According to IBISWorld Industry analyst Suzannah Rowley, "trading conditions for Australian growers have fluctuated over the past five years, due to increased volatility on the global cotton market." Added to this were fluctuations in climatic conditions such as prolonged drought, severe water shortages, and flooding. These factors pushed up the cost of growing cotton and forced smaller, less-viable operators out of the industry.
Fortunately, the industry rebounded well due to recent hikes in global cotton prices and the positive effect of increased rainfall and improved growing conditions. These factors have contributed to the expected annualised revenue growth of 53.3% over the five years through 2012-13.
However, as farmers increased plantings around the world in response to the high prices, global production has increased, causing world prices to tumble over the past two years. A continued decline in cotton prices over 2012-13 is expected to push industry revenue down by 5.4% to $2.27 billion.
Australian cotton producers will face difficult trading conditions over the next five years due to declining global cotton prices and a possible return to drought-like conditions. ‘The forecast decline in prices in the short term will be the main reason for the declines in domestic production and revenue’, says Rowley.
Added to this will be a likely decline in annual rainfall and water availability for irrigation over the next five years, which is expected to put downwards pressure on domestic production and negatively affect revenue growth. On a brighter note, increasing global demand from developing countries is likely to sustain demand for the industry and prices are expected to remain elevated. Overall, industry revenue is expected to decline over the next five years.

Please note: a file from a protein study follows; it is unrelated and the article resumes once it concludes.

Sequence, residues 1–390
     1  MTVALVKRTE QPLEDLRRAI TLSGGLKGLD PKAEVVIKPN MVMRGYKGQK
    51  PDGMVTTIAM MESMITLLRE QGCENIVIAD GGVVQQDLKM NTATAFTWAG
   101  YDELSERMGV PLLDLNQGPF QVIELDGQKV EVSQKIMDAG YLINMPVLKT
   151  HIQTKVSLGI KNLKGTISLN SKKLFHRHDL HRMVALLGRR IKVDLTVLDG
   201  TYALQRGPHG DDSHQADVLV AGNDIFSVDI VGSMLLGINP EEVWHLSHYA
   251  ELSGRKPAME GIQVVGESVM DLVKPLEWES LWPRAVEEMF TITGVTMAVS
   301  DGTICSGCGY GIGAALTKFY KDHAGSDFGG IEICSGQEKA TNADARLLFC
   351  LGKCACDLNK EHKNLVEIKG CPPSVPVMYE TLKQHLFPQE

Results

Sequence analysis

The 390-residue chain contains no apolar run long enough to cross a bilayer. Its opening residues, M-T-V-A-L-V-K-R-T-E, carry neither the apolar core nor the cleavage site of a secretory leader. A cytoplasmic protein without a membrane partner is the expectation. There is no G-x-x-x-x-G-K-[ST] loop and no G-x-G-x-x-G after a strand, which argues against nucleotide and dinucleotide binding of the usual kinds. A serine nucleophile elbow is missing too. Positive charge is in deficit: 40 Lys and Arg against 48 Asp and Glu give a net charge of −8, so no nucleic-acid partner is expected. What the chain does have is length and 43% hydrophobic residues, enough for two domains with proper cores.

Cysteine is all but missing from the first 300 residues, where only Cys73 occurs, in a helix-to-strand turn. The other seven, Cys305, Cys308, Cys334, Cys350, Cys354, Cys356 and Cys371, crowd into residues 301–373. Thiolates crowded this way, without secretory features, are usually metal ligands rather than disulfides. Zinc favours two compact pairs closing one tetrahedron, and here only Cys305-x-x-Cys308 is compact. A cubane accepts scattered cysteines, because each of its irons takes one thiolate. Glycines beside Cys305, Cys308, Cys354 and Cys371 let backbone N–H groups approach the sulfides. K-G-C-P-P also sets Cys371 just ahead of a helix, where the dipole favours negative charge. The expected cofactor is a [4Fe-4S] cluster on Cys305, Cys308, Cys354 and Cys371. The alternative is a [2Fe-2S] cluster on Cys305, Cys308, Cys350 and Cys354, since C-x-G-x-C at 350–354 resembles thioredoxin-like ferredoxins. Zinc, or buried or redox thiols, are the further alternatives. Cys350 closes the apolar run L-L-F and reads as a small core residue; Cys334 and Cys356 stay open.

The majority of agricultural operators are family-run farms and so market shares are often highly fragmented across the sector. The Cotton Growing industry is no different in this respect; although a handful of major players do run sizeable operations.
Most of these major players are also vertically integrated, running their own ginning operations, as well as marketing and exporting. Structurally, the industry is highly fragmented, with large players wielding all market power and determining the market price. The largest players in the industry are Cubbie Group, Kahlbetzer Investments, Auscott and Tandou.
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